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On the Porch — 40 Comments

  1. It’s weird how just feeling can be so scary. Whenever I used to smoke it was for precisely that reason : to numb out, and let the crappy physical state overtake the mental one. Lately I find myself wanting to drown in coffee and tea

  2. I don’t drink much, and never smoked, but dang, it looks so appealing in this story. You truly have captured that longing that addiction makes one feel. I feel the same way about 5000 calorie dinners.

    Although I did kind of want to start a church in an old building where people could worship and eat delectable croissants at the same time. Sorry about my imagination.

  3. I can’t say I have been to that porch myself. But I know many who have, including my spouse. And what you wrote sounds so much like what he tells me about his life before, and what happened, and what it’s like now. You wrote the hell out of that feeling in that time and place. I hope you’re in a better place now.

  4. I remember that life. They get you to stop one thing, but then you end up substituting with cigarettes and/or coffee. Well, I still drink coffee, but at least I’ve been smoke-free for some years now. 🙂

  5. This is such a powerful description of addiction. I quit smoking 2 years ago and I still have moments of longing, but not strong enough to ever want to go back. I struggle more with other addictions and the fantasy of it is always better than the reality.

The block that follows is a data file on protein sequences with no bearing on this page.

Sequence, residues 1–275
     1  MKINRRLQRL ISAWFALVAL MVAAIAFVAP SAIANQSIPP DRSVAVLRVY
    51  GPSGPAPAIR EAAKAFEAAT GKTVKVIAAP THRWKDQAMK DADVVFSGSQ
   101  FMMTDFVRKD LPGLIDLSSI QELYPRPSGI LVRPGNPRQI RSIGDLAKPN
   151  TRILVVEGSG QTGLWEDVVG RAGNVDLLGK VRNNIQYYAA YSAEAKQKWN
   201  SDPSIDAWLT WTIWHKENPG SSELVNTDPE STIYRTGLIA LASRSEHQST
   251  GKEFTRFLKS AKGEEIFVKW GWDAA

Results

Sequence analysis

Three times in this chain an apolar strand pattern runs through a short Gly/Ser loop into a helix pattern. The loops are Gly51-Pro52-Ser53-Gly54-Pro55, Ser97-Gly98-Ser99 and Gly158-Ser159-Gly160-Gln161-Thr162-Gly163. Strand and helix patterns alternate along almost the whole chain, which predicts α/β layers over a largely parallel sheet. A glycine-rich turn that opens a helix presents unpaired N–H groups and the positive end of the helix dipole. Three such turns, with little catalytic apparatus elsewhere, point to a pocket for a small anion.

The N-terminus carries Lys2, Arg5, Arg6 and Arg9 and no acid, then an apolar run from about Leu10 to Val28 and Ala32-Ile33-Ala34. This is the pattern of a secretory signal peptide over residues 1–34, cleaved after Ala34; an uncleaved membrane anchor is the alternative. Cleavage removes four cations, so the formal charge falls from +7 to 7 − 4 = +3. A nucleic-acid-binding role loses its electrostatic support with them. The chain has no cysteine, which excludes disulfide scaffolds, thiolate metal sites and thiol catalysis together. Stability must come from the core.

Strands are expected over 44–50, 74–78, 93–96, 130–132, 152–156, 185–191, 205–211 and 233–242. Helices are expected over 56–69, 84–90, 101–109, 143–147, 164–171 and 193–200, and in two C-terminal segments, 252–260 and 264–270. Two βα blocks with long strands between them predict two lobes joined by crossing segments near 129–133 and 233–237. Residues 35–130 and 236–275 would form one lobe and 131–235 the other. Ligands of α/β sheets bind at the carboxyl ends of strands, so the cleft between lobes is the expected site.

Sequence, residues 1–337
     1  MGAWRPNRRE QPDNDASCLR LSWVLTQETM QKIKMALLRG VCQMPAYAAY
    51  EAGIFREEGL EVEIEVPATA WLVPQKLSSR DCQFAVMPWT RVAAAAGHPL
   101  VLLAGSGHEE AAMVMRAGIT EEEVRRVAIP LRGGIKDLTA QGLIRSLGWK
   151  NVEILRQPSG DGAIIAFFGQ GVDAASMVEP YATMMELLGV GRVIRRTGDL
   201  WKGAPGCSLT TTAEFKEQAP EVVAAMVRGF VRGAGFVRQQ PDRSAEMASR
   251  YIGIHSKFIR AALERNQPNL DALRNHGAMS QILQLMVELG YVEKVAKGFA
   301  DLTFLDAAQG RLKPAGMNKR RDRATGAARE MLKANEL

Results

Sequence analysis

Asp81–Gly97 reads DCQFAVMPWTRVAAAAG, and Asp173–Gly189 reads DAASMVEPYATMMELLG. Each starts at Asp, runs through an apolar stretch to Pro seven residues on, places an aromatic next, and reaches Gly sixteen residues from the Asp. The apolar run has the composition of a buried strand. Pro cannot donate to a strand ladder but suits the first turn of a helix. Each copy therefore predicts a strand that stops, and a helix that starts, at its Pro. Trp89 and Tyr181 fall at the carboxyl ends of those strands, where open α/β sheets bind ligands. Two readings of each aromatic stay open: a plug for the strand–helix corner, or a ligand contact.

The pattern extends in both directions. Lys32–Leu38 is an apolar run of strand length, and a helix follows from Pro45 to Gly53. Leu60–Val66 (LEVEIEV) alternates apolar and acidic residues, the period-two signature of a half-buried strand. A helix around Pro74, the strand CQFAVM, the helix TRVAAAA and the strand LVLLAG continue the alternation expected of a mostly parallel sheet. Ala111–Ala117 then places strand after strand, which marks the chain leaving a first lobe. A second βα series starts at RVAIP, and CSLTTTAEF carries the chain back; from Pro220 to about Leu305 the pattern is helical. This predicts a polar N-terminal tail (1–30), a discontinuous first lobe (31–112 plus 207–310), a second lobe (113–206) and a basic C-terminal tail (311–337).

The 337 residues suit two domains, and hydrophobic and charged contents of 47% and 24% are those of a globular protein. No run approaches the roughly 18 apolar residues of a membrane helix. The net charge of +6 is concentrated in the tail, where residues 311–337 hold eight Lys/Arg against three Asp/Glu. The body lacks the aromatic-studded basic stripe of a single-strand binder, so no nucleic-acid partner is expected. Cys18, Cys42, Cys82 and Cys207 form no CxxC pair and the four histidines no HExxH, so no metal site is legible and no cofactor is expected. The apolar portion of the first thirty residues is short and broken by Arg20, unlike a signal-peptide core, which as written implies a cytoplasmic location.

Beautiful piece. Thank you for sharing this part of yourself.

    • Yes, same here – the longing gets weaker as time progresses, and I never want to go back there. The fantasy is powerful. I have one of me looking chic on a bar stool in a sequined dress with a martini in hand…but that was never reality.

  6. Oh my gosh, Natalie!! Such great writing!! I was taken right there with you, and was feeling what you were feeling. And you nailed the smoking! When I became injured in college and was forced to stop running, I needed something to relieve the stress, and brilliantly decided to pick up smoking. (Thankfully, I didn’t repeat that this time around with my ankle injury.) You described the relief of the buzz so well. The whole piece was beautiful, and I’m glad you are strong enough now to look back and reflect on that time.

  7. Wonderful, wonderful writing Natalie. Your descriptions, “…like tar and minty cancer”, “memories I cling to like film wrap”, “…building…older than Jesus” are s excellent. I felt like I was sitting on the porch too.

  8. What an amazing post! I felt as though I was sitting on that porch with you, seeking some form of solace/relief in the form of a cigarette … thank you for sharing your vulnerability with us.

  9. I’ve said it before and I’ll happily say it again: Your writing is so evocative, and you always draw me in and take me with you. This is majestical talent right here, folks.

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